It was a juvenile, all right. The southwestern fence lizard scooting past me on our Cochise County acreage–specifically, on the patch of ground I was digging up for the purpose of laying a bit of PVC pipe to supply our laundry shed–was no bigger’n a minute.
But man, could that little tyke scoot. The tiny critter was lightning fast, darting from place to place. Fortunately, the youngster wasn’t overly spooked by me personally. In fact, its rambling route eventually took it around me more than away from me, as if it were circling the giant human out of sheer curiosity.
Southwestern fence lizards are fairly common in this part of the country. Of course, lots of lizard species seem to be abundant here. We’ve identified more than two dozen during our four and a half years and this land, writing about more than a dozen as photo opportunities made the effort worthwhile.
If this was truly a juvenile, the head should appear larger in proportion to the body than it does on mature adults. Let’s see….
The literature indicates these lizards are voracious hunters, snarfing down bugs galore. Which makes sense; few if any insects could ever hope to match the miniscule reptile’s blazing speed.
It’s also reported they’ll eat smaller lizards. (This one, no more than three inches in total length, will have to grow a bit to find any smaller lizards, I’m thinking.)
Their name seems fitting though. Every shovel the juvie southwestern fence lizard met, it climbed.
Thought it was a fence post.
These particular lizards are really, really good at matching their dorsal colors to their background environments. So good, in fact, that while I could somewhat follow the critter’s movement with the naked eye, I kept losing track of it in the Canon PowerShot’s viewscreen image.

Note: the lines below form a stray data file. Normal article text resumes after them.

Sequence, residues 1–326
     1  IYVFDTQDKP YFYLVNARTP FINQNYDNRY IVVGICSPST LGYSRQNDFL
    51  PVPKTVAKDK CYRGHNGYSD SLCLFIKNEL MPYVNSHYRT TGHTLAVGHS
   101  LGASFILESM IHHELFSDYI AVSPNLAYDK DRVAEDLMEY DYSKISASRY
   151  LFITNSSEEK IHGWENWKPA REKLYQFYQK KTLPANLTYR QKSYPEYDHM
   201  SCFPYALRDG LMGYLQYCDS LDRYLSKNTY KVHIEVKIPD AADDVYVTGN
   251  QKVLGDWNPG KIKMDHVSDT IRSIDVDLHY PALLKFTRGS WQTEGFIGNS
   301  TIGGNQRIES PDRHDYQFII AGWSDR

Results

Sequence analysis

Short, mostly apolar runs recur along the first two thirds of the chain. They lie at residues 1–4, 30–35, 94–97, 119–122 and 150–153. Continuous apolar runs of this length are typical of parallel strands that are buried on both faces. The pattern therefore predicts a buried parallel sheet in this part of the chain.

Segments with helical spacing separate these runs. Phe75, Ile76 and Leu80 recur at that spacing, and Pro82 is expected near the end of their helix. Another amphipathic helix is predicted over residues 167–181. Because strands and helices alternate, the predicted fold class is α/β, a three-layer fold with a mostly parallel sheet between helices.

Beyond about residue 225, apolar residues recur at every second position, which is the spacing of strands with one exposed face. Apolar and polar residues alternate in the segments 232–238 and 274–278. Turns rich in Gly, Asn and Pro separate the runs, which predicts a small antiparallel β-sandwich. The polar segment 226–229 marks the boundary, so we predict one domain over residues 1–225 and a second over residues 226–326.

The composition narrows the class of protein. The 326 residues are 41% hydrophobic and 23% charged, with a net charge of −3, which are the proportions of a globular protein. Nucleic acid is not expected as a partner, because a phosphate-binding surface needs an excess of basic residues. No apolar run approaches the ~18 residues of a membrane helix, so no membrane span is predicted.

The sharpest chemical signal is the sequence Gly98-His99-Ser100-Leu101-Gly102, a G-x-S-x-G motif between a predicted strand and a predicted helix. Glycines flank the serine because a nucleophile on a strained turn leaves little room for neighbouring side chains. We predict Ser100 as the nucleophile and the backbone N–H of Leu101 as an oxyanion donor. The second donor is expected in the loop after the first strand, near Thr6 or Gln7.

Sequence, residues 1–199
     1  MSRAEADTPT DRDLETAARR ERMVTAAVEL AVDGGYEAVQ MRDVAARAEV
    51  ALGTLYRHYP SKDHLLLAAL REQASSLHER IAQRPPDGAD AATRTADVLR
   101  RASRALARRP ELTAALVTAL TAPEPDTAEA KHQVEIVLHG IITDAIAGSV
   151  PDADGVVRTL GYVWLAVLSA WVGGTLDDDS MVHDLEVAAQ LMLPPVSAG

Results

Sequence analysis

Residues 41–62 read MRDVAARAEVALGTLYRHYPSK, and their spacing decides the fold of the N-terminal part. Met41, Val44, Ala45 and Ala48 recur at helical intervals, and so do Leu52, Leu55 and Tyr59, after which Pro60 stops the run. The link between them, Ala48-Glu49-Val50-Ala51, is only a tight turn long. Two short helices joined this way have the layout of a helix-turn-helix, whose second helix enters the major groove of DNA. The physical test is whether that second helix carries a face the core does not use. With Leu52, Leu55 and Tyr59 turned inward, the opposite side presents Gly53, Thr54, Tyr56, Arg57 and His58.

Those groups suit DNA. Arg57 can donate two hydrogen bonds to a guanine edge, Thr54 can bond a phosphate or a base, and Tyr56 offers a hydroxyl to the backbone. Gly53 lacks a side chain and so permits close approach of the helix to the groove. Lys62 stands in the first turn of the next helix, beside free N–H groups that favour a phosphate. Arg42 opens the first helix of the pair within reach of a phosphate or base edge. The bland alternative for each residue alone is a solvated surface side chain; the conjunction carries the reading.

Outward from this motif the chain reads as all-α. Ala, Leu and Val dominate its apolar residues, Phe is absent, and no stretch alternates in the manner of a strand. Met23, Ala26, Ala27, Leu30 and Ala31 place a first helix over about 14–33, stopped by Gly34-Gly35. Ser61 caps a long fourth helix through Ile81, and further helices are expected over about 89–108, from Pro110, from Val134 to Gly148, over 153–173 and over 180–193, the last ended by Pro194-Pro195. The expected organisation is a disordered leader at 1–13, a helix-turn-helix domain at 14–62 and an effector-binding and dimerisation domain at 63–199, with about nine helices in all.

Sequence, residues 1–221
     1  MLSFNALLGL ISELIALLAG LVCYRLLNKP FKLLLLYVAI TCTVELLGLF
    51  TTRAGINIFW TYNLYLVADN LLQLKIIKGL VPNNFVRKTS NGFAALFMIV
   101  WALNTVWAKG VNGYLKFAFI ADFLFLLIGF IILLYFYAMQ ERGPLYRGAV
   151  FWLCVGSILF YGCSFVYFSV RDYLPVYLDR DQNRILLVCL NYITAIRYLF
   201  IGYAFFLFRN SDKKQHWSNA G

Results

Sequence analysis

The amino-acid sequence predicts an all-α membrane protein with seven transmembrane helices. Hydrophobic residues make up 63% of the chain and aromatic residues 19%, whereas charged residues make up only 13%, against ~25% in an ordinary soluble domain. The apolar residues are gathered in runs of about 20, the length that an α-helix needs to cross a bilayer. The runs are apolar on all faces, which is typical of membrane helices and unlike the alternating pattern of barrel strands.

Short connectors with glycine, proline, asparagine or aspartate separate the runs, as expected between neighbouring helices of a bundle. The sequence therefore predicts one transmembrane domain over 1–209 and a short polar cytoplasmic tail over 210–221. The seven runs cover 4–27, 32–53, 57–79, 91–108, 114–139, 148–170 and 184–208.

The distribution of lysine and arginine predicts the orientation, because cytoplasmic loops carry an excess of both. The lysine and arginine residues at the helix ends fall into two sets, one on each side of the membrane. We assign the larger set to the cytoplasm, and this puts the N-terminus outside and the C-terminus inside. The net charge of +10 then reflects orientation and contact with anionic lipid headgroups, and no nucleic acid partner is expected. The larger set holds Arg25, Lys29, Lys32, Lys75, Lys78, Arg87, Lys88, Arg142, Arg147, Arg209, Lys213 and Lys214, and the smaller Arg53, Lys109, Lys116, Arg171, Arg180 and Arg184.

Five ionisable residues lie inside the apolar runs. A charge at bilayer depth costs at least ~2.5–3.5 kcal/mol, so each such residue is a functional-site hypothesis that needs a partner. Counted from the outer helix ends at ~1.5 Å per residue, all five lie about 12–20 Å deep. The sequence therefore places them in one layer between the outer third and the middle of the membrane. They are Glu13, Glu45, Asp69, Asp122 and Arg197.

However, the ventral (bottom) of the critter is another matter.
At one point, the lizard came zipping back toward me, and the camera got lucky. Although the sun was still out and the shutter speed had to have been at least 1/200 of a second, the animal’s ferocious forward motion still blurred the image a bit. Which is fine; the blurring gives the view some idea of just how quick this beastie can be.
Beyond that, the camera angle was low enough and the sunlight reflecting enough. The lizard’s creamy underside, with a hint of yellow at the throat, helped produce a remarkable photo.
Luck, not skill. Catching these speedsters in motion definitely requires luck.
Near the top of the dirt pile produced by my trenching work, the fence lizard once paused to pose in full profile, standing as tall as it could (which, when your legs are maybe an inch long, is not all that tall), surveying the terrain.
Which would seem like a mighty fine idea for a predator no longer than your little finger. It’s not exactly dog eat dog around here, but it surely is predator eat predator. Eat anything that doesn’t eat you and avoid the rest; that’s the motto.
The female of this species will lay an average of ten eggs per season. At a guess, our model for this post was one of those eggs in 2013, hatched not so terribly long ago.
One thing is clear: An enterprising lizard-ologist (sounds cooler than “herpetologist specializing in lizards”) could do worse than moving to Cochise County. This is definitely lizard country.